Paradigm Series: China's Need of Size vis-a-vis Identity
Thursday June 13, by Jerome F. Keating Ph.D.
When one speaks to Chinese and to Taiwanese about identity one quickly notices a big difference in their paradigmatic perspectives. Taiwanese do not need size to feel comfortable in their identity. Taiwan is an island of 23 million people and whatever their ancestral roots, true Taiwanese feel very comfortable identifying with that island and the size of its population.
True, Taiwan has a population that is larger than approximately 75 per cent of the nations in the United Nations--a fact that is a constant embarrassment to the international community which does not recognize Taiwan as a nation. Nonetheless, Taiwanese are content with belonging to a nation with that size of population and an equivalent land mass with the Netherlands and Belgium.
Taiwanese do not need to tell you "how big" their nation is, or what a prominent role it has played in the ups and downs of Asian history. Taiwanese are happy with their island nation.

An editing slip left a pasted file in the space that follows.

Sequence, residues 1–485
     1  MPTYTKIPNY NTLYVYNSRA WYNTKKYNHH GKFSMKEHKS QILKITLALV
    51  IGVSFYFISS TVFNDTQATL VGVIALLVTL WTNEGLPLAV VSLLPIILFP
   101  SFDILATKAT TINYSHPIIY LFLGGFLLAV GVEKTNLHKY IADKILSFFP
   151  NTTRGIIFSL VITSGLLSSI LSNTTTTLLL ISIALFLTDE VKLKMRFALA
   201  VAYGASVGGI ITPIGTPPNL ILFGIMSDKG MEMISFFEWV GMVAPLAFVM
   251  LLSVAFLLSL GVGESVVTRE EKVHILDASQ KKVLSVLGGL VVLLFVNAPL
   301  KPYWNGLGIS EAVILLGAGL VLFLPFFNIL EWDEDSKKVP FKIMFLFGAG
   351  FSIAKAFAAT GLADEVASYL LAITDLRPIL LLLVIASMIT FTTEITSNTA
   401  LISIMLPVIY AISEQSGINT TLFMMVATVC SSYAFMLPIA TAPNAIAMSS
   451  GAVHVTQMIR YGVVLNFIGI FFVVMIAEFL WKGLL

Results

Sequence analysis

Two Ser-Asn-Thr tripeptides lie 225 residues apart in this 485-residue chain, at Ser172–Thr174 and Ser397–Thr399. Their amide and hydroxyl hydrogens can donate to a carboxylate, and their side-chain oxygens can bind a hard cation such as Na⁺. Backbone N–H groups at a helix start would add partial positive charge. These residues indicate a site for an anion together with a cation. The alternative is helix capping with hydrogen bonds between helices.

Chinese who are living on, or visiting Taiwan are different. They need size to identify with and for a sense of security in their self-image; they are embarrassed to link themselves only with the island. To them it is a puny province; they are not content to live within its borders. They have to claim they are part of a nation of 1.3 plus billion people to have a feeling of security in their identity. If they have any love for Taiwan, it is only as a small part of a larger mass. As was said, they can only feel secure in size. When one begins to understand how this psyche plays out, then one begins to see one of the main paradigmatic perspectives that differentiate Chinese from Taiwanese. The next step is to see the "Animal Farm" paradigm that runs throughout Chinese but not Taiwanese thinking.